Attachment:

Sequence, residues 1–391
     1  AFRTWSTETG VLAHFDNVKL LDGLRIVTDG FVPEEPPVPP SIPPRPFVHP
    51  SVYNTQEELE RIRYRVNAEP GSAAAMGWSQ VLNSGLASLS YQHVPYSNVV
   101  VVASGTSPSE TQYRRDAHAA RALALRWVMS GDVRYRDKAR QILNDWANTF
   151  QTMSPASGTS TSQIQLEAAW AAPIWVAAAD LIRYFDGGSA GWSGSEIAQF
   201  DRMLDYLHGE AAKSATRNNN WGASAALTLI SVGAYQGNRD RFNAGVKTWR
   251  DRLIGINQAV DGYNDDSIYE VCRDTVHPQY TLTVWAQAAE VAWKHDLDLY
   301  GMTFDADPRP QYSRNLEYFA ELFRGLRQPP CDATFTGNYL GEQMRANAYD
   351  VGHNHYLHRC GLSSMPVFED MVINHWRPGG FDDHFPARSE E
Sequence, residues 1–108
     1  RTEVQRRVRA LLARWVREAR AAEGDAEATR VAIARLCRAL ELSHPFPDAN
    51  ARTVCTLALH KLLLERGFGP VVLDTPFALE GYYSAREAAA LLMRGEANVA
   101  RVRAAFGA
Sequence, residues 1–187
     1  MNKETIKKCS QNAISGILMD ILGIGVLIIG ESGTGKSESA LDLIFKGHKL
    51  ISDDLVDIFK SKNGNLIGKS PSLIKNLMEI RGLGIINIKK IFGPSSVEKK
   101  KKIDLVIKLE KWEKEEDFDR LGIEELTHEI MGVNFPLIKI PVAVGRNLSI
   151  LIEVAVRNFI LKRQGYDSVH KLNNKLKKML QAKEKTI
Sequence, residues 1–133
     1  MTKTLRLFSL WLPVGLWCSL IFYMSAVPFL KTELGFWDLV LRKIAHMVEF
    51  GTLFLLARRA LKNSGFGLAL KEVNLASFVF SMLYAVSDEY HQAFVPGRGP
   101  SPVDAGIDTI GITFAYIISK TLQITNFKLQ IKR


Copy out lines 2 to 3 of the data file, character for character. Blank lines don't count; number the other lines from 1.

     1  AFRTWSTETG VLAHFDNVKL LDGLRIVTDG FVPEEPPVPP SIPPRPFVHP
    51  SVYNTQEELE RIRYRVNAEP GSAAAMGWSQ VLNSGLASLS YQHVPYSNVV